It May be Best to Start With a Rottweiler Puppy

Rottweilers also begin to display primary breed characteristics at about 2 or 3 years old, but dog aggression is not a part of the Rottweiler’s breed standard, and the average Rottweiler does not begin showing severe dog aggression with other dogs in the home when they reach maturity. 

It’s a very different story for dogs outside of the family unit. The average Rottweiler will begin guarding the home and possibly the owner on walks by the time they reach maturity. 

With the right training and handling, this guarding state will be reserved for situations in which your dog really does need to guard you, but without the right training, it often generalizes to anyone who tries to approach, including other dogs.

However, a Rottweiler that grows up with another dog will very likely internalize that dog as being a member of their family and never show aggression towards them like they do towards other dogs. 

Aggression towards the same gender may begin to come out at this time, especially if your Rottweiler is not fixed. Same-gender aggression may be slightly more likely in females, although it often affects males as well.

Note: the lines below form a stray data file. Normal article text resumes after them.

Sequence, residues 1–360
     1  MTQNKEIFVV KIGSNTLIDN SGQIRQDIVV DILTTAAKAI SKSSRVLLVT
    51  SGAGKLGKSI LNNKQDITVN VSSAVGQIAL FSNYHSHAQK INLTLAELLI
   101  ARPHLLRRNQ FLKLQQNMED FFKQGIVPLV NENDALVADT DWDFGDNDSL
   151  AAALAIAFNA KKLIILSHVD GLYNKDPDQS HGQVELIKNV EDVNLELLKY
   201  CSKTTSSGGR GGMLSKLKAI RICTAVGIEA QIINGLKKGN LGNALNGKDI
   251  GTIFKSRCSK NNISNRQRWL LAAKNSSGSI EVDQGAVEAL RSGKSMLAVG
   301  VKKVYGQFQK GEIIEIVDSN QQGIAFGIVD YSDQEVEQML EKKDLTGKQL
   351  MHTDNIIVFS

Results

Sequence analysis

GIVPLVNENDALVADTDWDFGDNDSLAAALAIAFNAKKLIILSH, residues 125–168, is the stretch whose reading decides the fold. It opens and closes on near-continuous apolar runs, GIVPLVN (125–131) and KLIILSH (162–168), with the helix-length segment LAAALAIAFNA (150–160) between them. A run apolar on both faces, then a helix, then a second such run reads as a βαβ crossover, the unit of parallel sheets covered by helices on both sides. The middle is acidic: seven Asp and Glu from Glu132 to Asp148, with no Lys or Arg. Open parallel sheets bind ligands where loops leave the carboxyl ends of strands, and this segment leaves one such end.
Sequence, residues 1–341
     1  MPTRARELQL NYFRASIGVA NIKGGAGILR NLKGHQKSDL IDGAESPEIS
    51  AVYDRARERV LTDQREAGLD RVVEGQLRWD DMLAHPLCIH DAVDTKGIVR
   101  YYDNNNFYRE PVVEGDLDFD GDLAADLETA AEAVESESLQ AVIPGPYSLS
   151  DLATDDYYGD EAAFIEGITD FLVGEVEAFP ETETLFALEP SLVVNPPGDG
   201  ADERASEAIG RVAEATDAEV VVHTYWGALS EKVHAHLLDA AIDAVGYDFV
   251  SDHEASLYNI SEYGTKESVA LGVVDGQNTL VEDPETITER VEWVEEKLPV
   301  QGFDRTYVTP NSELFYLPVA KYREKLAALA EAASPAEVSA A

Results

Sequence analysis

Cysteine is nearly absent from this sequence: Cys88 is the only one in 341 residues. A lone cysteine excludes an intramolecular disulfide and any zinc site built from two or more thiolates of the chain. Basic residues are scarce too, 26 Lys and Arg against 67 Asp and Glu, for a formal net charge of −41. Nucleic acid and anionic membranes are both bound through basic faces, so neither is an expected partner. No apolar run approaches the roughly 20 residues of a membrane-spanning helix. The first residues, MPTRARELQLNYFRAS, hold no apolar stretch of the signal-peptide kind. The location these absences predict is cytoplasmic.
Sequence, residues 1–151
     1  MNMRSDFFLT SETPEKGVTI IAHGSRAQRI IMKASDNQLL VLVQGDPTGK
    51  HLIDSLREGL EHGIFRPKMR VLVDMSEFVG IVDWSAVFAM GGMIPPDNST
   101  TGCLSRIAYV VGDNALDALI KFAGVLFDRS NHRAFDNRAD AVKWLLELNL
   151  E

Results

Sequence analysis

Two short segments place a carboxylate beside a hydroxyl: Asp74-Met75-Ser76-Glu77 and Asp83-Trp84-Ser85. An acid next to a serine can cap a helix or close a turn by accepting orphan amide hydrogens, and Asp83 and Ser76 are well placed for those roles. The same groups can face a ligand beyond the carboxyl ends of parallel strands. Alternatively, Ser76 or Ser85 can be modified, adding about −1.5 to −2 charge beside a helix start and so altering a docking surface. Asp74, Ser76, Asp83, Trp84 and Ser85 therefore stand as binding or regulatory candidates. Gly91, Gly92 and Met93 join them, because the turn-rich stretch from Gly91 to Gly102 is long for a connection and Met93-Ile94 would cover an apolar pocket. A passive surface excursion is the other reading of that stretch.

That said, Rottweilers are highly trainable dogs. It is perfectly possible to acclimate an adult Rottweiler to another dog later in life, but it might take a little bit more time and work, and it’s important that you realize it may not work at all.

How to Introduce an Adult Rottweiler and Pitbull

It may take a little bit more work to introduce an adult Rottweiler and Pitbull together than starting with a mature Pitbull and a Rottweiler puppy, but that doesn’t mean you shouldn’t give it a try. Adult Pitbulls and Rottweilers are acclimated together all the time and become the best of friends. Here are some steps to take to introduce them: